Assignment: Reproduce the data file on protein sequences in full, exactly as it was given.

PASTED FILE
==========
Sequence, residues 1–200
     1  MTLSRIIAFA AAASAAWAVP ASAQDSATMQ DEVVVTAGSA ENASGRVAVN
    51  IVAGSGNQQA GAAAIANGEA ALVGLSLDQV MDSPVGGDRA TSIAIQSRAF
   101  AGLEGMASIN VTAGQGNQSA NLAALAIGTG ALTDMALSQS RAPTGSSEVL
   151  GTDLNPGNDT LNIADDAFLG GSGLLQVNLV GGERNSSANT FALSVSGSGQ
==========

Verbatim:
Sequence, residues 1–200
     1  MTLSRIIAFA AAASAAWAVP ASAQDSATMQ DEVVVTAGSA ENASGRVAVN
    51  IVAGSGNQQA GAAAIANGEA ALVGLSLDQV MDSPVGGDRA TSIAIQSRAF
   101  AGLEGMASIN VTAGQGNQSA NLAALAIGTG ALTDMALSQS RAPTGSSEVL
   151  GTDLNPGNDT LNIADDAFLG GSGLLQVNLV GGERNSSANT FALSVSGSGQ